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Re: Adding emacsql to NonGNU ELPA?

From: Tomas Hlavaty
Subject: Re: Adding emacsql to NonGNU ELPA?
Date: Fri, 28 Jan 2022 20:12:37 +0100

On Fri 28 Jan 2022 at 02:22, Tim Landscheidt <tim@tim-landscheidt.de> wrote:

> Tomas Hlavaty <tom@logand.com> wrote:
>>> There isn't anything similar for other languages, so why for
>>> SQL?
>> Of course there is.  Lisp is full of stuff like this.  For example,
>> there is a cons tree language for regular expressions in Emacs:
>>    (info "(elisp) Rx Notation")
>> There are also cons tree bases representations of xml, html, svg etc.
>> One can conveniently represent almost anything using cons trees.
>> It is great.
>> In Lisp, the first thing to do is to escape the concat string
>> inconvenient and insecure hell and use cons tree based representation
>> which is very easy to work with.
>> […]
> These work for those languages because they have very few
> base elements, much like Lisp; one can probably fit the EBNF
> for XML on a single page, and the transformation will be
> reasonably predictable.
> SQL on the other hand almost has a different syntax for ev-
> ery command.  So one would either have to have different
> etc., or come up with a generalized version where the pro-
> grammer would probably have to test each time if the SQL ge-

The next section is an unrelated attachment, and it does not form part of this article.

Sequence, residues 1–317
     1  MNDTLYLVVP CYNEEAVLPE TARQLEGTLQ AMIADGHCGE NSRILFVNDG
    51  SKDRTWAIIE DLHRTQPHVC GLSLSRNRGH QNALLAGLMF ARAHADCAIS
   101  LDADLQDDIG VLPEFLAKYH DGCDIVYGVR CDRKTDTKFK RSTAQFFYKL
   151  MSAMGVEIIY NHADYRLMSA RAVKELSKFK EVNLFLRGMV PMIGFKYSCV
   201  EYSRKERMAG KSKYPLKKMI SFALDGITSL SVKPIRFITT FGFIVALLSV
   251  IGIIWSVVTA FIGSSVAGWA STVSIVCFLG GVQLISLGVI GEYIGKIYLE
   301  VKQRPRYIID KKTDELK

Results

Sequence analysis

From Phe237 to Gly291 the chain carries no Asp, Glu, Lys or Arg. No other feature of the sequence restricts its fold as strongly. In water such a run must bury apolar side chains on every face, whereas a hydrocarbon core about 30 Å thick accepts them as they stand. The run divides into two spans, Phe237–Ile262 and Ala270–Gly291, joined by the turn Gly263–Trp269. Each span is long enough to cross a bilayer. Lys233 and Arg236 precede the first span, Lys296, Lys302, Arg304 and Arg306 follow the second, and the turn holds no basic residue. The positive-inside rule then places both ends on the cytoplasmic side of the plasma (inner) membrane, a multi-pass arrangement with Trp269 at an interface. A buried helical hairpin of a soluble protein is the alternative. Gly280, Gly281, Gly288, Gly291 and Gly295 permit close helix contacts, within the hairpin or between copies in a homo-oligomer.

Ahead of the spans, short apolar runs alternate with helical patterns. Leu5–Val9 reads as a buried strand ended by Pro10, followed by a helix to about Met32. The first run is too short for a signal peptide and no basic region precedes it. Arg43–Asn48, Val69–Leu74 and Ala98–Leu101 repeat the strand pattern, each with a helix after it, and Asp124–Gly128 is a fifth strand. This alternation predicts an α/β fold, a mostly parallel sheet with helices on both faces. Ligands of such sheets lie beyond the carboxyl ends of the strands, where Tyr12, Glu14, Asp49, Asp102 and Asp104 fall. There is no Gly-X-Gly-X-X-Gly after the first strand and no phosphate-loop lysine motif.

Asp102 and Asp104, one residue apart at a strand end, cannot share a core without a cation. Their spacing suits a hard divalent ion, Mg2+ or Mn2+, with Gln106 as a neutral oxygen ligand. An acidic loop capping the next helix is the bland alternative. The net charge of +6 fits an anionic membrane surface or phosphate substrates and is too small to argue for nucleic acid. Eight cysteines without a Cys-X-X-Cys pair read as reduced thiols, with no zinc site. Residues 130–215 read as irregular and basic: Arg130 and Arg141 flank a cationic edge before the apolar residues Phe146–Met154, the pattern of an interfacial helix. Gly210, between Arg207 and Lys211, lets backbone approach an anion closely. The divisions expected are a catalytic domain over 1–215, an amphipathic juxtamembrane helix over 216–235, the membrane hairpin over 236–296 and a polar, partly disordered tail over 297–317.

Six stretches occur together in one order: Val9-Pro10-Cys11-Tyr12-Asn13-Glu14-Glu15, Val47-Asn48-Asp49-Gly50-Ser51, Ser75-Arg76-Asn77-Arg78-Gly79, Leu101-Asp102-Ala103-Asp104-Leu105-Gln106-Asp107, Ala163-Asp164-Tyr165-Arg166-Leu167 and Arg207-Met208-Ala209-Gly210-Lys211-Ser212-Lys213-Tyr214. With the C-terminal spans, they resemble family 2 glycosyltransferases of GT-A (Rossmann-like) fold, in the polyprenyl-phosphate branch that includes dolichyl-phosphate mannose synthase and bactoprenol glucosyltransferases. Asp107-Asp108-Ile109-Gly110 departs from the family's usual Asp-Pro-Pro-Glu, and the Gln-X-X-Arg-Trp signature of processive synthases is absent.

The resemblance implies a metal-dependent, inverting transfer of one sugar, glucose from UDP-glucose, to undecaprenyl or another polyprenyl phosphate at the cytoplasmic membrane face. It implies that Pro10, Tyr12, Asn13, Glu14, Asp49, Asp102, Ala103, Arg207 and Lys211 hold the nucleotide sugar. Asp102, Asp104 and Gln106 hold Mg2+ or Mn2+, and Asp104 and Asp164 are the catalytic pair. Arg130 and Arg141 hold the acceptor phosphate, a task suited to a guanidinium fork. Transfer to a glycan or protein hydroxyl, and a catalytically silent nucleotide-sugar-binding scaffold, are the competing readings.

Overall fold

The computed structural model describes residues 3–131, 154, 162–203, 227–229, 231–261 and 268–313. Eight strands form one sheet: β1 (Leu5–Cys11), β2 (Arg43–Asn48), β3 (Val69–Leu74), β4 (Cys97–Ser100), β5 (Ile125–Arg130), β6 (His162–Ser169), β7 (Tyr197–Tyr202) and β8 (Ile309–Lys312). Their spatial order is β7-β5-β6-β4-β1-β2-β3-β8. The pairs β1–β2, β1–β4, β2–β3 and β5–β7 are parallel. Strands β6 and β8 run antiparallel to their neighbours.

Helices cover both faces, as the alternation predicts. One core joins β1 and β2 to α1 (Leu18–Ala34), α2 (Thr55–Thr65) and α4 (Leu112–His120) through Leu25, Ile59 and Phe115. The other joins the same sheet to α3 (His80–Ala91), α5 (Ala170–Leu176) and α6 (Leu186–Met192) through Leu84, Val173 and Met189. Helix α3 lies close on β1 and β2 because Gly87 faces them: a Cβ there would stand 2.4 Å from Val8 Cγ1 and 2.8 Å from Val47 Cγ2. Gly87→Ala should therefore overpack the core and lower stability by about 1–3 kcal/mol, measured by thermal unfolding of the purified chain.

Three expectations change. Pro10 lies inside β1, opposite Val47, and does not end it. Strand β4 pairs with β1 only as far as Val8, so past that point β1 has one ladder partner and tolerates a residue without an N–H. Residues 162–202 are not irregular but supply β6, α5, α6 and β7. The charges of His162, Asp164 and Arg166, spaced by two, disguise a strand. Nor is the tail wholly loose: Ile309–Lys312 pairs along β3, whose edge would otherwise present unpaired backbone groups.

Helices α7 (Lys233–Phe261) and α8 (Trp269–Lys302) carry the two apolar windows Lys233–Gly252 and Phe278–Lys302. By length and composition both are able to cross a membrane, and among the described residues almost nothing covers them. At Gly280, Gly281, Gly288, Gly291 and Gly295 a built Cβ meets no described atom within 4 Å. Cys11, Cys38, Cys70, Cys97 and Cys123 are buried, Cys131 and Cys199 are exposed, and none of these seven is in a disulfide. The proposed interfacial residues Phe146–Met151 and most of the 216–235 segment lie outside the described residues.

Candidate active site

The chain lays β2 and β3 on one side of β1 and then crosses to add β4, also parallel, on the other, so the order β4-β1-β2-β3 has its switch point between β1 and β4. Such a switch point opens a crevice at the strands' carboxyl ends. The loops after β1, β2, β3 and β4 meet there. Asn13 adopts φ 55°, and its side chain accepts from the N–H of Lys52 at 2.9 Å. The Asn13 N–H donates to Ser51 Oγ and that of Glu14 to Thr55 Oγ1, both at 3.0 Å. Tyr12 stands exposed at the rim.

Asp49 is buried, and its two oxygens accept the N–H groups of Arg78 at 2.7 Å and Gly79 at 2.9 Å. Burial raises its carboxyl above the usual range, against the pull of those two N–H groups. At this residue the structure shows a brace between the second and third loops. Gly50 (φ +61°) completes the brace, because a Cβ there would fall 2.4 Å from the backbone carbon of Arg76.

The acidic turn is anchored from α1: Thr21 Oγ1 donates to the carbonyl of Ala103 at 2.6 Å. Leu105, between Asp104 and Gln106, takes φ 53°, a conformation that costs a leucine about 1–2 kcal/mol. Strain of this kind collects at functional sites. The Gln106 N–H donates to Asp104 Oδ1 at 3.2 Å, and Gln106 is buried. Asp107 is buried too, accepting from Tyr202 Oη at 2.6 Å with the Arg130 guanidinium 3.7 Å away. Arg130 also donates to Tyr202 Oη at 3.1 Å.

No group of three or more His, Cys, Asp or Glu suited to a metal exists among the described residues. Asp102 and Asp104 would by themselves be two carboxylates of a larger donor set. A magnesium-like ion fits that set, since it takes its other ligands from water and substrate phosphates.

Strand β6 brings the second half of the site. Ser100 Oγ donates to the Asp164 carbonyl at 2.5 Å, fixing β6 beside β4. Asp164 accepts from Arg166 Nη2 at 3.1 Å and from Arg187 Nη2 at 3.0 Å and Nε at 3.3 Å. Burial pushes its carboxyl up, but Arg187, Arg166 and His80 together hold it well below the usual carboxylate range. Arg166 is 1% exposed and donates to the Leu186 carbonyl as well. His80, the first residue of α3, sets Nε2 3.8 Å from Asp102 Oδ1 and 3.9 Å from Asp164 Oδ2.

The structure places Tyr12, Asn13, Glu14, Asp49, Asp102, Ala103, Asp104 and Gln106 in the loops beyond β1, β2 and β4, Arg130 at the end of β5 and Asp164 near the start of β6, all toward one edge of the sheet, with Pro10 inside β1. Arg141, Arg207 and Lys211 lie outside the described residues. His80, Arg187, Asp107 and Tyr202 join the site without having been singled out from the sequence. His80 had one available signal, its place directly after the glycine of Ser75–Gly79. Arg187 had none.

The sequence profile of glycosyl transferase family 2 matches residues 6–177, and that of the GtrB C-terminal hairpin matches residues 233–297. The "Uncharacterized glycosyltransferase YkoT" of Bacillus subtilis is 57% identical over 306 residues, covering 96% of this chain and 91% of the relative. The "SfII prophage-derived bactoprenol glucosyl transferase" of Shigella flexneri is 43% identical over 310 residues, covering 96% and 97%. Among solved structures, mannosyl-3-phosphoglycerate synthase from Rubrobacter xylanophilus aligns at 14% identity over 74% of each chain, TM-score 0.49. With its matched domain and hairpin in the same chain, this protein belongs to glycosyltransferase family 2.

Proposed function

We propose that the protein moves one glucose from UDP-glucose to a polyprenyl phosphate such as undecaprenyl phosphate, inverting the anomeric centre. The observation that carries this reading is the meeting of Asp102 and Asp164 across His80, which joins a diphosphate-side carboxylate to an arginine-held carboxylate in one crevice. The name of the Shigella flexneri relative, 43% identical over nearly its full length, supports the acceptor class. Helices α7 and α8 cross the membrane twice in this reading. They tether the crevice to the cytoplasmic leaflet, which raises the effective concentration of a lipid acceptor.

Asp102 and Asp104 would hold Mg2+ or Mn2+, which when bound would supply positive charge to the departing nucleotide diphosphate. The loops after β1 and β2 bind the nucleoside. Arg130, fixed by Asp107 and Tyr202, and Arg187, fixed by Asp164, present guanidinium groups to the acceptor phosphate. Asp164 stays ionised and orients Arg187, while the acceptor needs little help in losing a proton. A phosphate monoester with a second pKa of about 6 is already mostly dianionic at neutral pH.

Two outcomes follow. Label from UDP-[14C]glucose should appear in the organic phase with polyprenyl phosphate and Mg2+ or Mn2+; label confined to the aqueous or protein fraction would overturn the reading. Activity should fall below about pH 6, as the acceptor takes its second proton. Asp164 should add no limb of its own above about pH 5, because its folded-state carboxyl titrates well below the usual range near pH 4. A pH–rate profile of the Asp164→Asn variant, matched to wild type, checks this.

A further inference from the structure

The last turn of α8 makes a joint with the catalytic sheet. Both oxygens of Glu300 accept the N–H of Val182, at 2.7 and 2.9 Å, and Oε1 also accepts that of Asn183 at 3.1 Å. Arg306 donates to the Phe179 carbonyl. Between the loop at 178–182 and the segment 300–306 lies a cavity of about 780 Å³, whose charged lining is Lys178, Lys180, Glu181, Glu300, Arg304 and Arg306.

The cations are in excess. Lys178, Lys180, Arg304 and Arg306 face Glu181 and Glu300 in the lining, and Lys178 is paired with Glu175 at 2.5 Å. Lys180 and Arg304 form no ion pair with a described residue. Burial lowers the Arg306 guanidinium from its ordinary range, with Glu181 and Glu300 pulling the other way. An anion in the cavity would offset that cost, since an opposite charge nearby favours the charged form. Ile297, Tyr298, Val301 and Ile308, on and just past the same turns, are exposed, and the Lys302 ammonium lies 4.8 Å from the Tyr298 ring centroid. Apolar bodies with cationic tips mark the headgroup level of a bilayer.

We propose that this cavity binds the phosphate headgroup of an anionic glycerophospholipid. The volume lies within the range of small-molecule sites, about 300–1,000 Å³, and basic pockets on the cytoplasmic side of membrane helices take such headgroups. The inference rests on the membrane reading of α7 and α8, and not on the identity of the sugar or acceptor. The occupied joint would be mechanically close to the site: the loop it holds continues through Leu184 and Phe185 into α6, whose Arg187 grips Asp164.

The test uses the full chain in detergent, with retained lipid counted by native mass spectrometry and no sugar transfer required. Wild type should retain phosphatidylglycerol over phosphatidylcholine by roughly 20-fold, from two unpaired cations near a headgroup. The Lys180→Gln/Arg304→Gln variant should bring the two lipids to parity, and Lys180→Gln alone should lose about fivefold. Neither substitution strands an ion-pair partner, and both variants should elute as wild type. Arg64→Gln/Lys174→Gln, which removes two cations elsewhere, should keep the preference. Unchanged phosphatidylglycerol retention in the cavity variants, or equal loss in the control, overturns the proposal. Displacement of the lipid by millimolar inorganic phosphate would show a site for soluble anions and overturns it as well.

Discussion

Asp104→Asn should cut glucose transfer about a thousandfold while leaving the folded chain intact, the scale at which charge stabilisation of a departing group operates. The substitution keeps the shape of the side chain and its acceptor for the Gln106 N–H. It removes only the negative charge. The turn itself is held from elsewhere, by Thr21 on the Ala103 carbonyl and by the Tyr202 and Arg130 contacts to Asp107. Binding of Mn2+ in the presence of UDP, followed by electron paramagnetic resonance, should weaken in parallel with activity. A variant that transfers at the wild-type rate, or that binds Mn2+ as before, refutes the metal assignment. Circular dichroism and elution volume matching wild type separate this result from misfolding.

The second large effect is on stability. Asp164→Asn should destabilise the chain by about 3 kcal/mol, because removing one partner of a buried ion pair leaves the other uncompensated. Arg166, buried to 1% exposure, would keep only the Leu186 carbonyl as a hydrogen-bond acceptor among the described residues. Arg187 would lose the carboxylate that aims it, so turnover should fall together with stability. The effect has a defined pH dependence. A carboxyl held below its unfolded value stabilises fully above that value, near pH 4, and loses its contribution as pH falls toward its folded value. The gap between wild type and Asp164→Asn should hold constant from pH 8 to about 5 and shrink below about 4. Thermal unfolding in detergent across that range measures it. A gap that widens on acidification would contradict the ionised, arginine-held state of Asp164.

> nerator generated the SQL that the programmer was expecting.
> I find it much more straightforward in that case to write
> down the SQL code itself, and use (ideally placeholders à la
> DBI or) sql-quote-string to only transform what needs to be
> transformed from Emacs Lisp to SQL.

We are talking about cons tree based "meta-syntax".
Similar to how Lisp programs are written using cons tree based
symbolic expression "meta-syntax".
For such "meta-syntax", it is trivial to have a rule for example,
that :create-index is output as CREATE INDEX or
:create-unique-index is output as CREATE UNIQUE INDEX etc.

In addition, you want the syntax to be validated.
That is a different issue.
It can be built on top of the cons tree based "meta-syntax".
In this case there is no simple way to validate arbitrary
SQL upfront except encoding the complex SQL rules explicitly
somehow.  And do it for each SQL dialect.
Cons tree based "meta-syntax" does not solve validation
in itself, but helps here significatly,
because one can use backquote and comma to build the tree
programatically and validate the structure in a recursive function.
This is much more convenient than concatenating strings.
Moreover, it is possible to make it extendable,
similar to what Lisp does with macros.

It is similar to what Lisp does.  Write symbolic expressions
and the interpreter/compiler does the validation/transformation.
Write a function which takes cons tree and outputs what you want.
The more validation you want, the more complex such function will be.

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